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Molycorp, Inc. Message Board

votingmachine 316 posts  |  Last Activity: 10 hours ago Member since: May 12, 2004
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  • Reply to

    MCP's Setlement with M&K

    by cuiosity99 Aug 7, 2014 1:06 PM
    votingmachine votingmachine Aug 7, 2014 1:18 PM Flag

    No mention. That is to be expected as the terms were sealed. A settlement could be at any time. But no details on how much or when.

  • Reply to

    CC comments

    by denverdude123 Aug 7, 2014 10:15 AM
    votingmachine votingmachine Aug 7, 2014 12:56 PM Flag

    Umm, that is worthless garbage. Anyone incapable of using a phone, but expecting public message boards are a venue for billion dollar deals is a useless idiot.

    But yes, I plan on emailing everyone in the company that alexsgabor has billions of dollars ready to commit, but just needs the deal to be handled via the Yahoo MB. A 10 year contract for purchase of 40,000 metric tons per year will certainly be good news for MCP. I can't wait for this to be finalized and announced. Thank you so very much for this generous offer.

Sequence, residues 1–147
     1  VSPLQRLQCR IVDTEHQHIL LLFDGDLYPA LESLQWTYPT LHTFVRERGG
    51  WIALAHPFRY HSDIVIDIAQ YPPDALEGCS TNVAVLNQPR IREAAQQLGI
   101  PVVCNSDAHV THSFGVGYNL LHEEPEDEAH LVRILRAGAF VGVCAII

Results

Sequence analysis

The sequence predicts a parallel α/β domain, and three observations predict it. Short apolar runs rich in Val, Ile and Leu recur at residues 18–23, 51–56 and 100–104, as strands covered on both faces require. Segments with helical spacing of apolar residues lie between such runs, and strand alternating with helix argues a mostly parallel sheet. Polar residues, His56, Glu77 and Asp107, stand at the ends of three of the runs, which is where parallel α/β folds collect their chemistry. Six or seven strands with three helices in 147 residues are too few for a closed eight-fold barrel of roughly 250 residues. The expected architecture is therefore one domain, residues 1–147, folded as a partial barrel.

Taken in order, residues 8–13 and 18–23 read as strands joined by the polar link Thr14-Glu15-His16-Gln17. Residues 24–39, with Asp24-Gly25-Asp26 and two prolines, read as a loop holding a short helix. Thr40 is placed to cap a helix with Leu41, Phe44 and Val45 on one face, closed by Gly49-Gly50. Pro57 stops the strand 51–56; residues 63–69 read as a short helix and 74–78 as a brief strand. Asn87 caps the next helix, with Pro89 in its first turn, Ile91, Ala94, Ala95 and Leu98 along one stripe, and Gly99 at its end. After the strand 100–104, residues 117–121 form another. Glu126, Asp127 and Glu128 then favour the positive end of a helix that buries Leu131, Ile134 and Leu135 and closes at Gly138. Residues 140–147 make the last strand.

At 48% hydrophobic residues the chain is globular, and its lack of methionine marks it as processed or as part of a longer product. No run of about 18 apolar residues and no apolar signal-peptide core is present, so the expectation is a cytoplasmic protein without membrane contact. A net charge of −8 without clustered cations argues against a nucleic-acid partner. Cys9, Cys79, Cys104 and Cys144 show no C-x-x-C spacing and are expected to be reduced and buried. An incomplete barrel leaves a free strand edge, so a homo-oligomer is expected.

I'm offering to buy the entire output of the WORLD for 10 years. Please contact the WORLD for me.

    I am even more generous than you. I will buy the entire Mt Pass for $3 billion, and lease it back to the company. I only require a 10 year lease, and a 40% equity position (terms of lease: $3 billion per year, paid in advance). I also will buy all the bonds for 75-cents on the dollar. Especially the senior secured ones trading near 100-cents on the dollar. Of course the company doesn't own those, so offering that deal to MCP is futile.

  • Reply to

    CC comments

    by denverdude123 Aug 7, 2014 10:15 AM
    votingmachine votingmachine Aug 7, 2014 12:40 PM Flag

    I've got to remember how pointless it is to post to CB. I don't understand the mental outlook that makes one take an unsupportable position, then delete it when it draws refutation. The financing deal is still not fully laid out. The details matter. It may be the sweetest deal that proves the fantastic value of MCP, or it could be an ordinary deal with costs and benefits.